Do we need a sugar tax?

The British government has just voted to tax sugary soft drinks. The British government hopes that this will help to stop obesity, type 2 diabetes and dental decay.

The NZ government does not plan to do the same as Britain. However, the NZ Ministry of Education and the Ministry of Health sent a letter to schools this week suggesting that they stop selling sugary drinks. Schools should encourage children to drink water not soft drinks, juice or smoothies. Of course, it’s not enough to encourage this at school. The message also has to go home that sugary drinks are not healthy. About one third of all school children are overweight or obese. We know too that too much sugar can lead to obesity and type 2 diabetes. Sugary drinks can also rot the teeth. More than 5000 children had some rotten teeth removed under anaesthetic in NZ last year.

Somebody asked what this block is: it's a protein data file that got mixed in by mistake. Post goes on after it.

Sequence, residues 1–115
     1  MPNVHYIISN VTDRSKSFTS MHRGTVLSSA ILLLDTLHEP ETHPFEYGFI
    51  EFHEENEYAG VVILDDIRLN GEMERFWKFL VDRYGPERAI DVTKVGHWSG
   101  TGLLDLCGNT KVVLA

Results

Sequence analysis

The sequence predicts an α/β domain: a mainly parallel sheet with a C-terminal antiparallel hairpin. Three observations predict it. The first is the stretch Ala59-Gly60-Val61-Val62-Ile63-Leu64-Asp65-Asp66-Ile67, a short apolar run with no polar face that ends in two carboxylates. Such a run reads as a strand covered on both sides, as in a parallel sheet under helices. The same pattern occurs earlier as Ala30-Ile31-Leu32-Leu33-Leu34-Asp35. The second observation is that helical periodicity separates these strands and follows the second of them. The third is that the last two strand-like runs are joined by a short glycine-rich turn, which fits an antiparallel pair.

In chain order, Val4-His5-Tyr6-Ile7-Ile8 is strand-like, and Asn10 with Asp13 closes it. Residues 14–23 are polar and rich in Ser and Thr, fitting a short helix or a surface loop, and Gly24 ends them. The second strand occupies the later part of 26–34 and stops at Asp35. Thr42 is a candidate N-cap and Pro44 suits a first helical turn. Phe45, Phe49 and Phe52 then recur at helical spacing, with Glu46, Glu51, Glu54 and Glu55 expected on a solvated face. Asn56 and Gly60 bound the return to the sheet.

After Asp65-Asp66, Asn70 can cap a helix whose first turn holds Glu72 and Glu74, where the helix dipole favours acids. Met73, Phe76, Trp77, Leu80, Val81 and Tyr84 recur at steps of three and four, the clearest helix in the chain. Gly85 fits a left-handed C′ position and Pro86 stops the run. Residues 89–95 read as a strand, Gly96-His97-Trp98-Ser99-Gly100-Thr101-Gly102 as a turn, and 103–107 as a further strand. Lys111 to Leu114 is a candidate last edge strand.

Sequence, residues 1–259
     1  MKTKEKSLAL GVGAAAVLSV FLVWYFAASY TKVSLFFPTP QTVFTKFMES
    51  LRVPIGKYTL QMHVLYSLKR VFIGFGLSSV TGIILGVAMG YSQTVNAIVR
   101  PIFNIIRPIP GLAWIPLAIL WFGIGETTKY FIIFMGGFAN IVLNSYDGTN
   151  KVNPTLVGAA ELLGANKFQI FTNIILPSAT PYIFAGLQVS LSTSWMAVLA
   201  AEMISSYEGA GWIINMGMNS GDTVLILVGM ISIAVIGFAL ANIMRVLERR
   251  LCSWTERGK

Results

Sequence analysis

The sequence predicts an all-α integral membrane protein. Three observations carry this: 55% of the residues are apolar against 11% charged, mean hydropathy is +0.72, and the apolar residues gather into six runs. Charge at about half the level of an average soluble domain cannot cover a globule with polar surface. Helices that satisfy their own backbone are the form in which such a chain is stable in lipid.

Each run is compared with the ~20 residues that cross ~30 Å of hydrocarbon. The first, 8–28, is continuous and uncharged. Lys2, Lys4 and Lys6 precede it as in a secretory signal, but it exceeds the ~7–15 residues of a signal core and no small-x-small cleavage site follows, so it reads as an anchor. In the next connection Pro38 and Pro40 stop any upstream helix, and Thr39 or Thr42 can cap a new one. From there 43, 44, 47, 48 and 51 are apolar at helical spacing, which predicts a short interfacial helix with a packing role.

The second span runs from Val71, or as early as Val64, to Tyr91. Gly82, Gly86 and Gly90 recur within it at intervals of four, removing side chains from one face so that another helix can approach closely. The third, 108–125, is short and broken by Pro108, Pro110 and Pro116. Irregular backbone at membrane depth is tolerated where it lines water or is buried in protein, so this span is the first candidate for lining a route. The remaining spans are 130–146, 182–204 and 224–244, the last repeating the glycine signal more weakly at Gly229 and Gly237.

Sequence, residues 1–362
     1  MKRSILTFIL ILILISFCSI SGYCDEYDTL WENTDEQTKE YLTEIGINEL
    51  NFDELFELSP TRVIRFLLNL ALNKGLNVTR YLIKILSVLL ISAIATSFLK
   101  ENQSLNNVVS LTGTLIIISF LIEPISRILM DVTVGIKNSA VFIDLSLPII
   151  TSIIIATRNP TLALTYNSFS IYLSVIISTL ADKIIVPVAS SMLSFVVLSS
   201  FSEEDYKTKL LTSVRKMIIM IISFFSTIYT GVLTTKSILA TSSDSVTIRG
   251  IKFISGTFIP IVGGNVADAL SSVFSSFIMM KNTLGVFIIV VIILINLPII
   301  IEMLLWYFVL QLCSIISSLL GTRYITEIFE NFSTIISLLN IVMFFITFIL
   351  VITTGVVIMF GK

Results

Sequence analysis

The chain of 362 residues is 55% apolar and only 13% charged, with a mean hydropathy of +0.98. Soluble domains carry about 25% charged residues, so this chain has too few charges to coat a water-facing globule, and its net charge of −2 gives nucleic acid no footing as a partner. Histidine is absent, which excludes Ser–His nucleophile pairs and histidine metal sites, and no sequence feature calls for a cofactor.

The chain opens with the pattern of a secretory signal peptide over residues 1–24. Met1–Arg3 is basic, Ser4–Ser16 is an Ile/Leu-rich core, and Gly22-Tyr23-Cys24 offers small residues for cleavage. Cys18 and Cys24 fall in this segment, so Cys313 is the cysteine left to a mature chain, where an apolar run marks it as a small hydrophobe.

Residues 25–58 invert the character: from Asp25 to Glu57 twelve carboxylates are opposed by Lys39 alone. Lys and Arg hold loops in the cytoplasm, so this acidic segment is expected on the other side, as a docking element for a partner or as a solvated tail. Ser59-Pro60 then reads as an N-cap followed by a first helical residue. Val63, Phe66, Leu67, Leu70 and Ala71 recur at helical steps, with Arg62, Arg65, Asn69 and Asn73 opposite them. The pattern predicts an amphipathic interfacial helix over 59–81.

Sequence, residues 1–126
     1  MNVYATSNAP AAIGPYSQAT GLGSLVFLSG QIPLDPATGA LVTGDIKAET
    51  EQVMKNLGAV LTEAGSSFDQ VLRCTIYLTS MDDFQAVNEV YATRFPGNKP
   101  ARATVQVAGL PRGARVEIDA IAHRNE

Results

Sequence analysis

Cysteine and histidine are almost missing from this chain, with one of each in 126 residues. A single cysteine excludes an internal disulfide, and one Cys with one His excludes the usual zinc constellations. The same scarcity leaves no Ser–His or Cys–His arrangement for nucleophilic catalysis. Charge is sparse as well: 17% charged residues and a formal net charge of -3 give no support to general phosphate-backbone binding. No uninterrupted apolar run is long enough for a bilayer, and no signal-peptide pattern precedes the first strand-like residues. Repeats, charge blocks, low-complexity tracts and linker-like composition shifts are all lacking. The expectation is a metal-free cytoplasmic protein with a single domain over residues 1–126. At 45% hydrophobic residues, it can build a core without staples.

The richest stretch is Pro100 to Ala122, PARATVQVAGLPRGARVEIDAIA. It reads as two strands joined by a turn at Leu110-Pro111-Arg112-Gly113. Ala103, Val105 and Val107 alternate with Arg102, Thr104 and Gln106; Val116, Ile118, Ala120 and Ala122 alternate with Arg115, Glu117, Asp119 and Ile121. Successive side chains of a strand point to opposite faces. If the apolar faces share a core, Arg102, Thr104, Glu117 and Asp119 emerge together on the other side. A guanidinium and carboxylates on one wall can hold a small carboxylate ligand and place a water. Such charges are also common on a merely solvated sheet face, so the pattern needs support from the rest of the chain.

In fact, most schools do not sell soft drinks. Schools also try to teach children about healthy eating and drinking. One problem is that soft drinks are cheap in the supermarket, cheaper than milk.


• encourage (v) – suggest, support
• smoothies (n) – milk shake made with yoghurt, fruit, juice etc
• obese (adj), obesity (n) – very fat
• rot (v), rotten (adj) – bad
• anaesthetic (n) – put to sleep


1. Is a tax on sugary drinks a good way to stop people buying them?
2. Are sugary drinks harmful?
3. Are there some other ways to stop obesity and dental decay?

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